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Socioeconomic conditions and number of pain sites in women

By Rannestad Toril and Skjeldestad Finn


<p>Abstract</p> <p>Background</p> <p>Women in deprived socioeconomic situations run a high pain risk. Although number of pain sites (NPS) is considered highly relevant in pain assessment, little is known regarding the relationship between socioeconomic conditions and NPS.</p> <p>Methods</p> <p>The study population comprised 653 women; 160 recurrence-free long-term gynecological cancer survivors, and 493 women selected at random from the general population. Demographic characteristics and co-morbidity over the past 12 months were assessed. Socioeconomic conditions were measured by Socioeconomic Condition Index (SCI), comprising education, employment status, income, ability to pay bills, self-perceived health, and satisfaction with number of close friends. Main outcome measure NPS was recorded using a body outline diagram indicating where the respondents had experienced pain during the past week. Chi-square test and forward stepwise logistic regression were applied.</p> <p>Results and Conclusion</p> <p>There were only minor differences in SCI scores between women with 0, 1-2 or 3 NPS. Four or more NPS was associated with younger age, higher BMI and low SCI. After adjustment for age, BMI and co-morbidity, we found a strong association between low SCI scores and four or more NPS, indicating that there is a threshold in the NPS count for when socioeconomic determinants are associated to NPS in women.</p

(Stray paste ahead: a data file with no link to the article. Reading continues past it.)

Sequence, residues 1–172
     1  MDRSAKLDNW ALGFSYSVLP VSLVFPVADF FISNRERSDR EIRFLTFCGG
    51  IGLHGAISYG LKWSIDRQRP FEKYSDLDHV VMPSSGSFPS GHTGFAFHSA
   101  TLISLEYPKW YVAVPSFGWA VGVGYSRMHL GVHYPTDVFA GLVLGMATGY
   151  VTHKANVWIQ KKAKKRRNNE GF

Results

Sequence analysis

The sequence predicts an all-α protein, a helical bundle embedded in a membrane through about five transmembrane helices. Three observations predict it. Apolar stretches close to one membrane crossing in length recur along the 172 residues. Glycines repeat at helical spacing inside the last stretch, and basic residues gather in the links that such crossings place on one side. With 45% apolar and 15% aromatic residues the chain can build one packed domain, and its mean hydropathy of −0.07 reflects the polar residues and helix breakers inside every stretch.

Topics: Socioeconomic conditions, Number of pain sites/locations, Women, Co-morbidity, Cancer survivors, Public aspects of medicine, RA1-1270, Medicine, R, DOAJ:Public Health, DOAJ:Health Sciences, Gynecology and obstetrics, RG1-991
Publisher: BioMed Central
Year: 2012
DOI identifier: 10.1186/1472-6874-12-7
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